The Libyan National Army (LNA), led by Khalifa Haftar, which controls the eastern part of Libya, announced on Monday that it took control over the Sharara, the country’s largest oil field which is located in the southwest of the country.
Haftar’s move represents a challenge against the UN-recognised government in Tripoli.
Last week, an aircraft affiliated to Haftar’s forces, intercepted a civil plane during an operation for controlling the oil rich southern part of Libya. The operation of the LNA in southern Libya has begun in January, fighting groups of militants and seizing control of oil establishments.
The oil corporations have stopped production since December, after being controlled by tribal men calling for their wages. The Sharara oil field is the largest in Libya and its production capacity reaches about 300,000 barrels of oil per day.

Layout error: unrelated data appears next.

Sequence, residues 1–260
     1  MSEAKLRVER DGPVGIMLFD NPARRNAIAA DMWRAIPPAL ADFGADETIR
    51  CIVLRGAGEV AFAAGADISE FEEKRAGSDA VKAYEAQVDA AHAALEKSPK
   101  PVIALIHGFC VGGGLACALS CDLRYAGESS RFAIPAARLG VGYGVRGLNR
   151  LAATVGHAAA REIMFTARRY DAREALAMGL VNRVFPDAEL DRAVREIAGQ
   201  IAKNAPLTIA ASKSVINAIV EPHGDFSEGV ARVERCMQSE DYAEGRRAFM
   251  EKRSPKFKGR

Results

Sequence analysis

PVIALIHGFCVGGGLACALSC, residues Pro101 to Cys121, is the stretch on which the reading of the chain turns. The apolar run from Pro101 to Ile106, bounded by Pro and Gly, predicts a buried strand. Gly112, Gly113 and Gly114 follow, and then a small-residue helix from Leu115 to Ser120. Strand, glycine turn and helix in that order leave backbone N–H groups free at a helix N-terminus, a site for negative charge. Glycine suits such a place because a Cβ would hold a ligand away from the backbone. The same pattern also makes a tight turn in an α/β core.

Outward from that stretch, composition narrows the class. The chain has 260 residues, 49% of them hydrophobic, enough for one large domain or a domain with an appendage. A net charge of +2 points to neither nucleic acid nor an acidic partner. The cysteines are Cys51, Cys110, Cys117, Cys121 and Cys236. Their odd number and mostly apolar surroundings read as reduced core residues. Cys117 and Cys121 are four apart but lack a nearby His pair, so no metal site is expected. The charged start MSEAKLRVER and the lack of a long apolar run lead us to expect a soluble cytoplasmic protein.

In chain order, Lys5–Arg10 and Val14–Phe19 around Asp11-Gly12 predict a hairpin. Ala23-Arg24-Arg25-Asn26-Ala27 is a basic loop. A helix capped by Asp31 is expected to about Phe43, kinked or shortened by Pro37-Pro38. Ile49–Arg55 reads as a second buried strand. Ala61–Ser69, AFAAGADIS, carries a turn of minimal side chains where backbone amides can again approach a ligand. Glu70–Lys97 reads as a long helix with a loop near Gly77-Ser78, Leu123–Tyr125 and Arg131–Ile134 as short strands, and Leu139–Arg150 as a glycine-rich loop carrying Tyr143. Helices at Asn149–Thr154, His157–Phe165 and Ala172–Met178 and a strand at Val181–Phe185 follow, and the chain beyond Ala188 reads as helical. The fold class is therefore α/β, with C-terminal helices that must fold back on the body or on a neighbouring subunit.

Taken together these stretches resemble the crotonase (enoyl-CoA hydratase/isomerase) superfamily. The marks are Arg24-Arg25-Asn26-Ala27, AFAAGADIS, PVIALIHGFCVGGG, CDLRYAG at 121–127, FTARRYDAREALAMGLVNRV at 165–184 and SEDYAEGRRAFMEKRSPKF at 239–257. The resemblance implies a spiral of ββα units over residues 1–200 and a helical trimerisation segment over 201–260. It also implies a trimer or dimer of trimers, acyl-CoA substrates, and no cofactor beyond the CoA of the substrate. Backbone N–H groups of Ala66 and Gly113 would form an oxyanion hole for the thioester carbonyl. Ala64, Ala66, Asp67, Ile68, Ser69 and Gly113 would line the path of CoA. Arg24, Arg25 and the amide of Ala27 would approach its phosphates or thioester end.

A spokesperson of the LNA said that, “The Libyan army, led by Haftar, seized control over the Sharara oil field and all its institutions peacefully without engaging in a combat with the security forces, which were securing the field.”
Moreover, the Libyan National Oil Corporation stressed on Tuesday its commitment toward resuming the production of the Sharara oil field, and ensuring the safety of all the workers in the field.
Violence has outraged in Libya since 2011, when a popular uprising ended with the ousting and death of former President Muammar Gaddafi. Since the ousting of Gaddafi, the country has rival governments and parliaments in the west and east.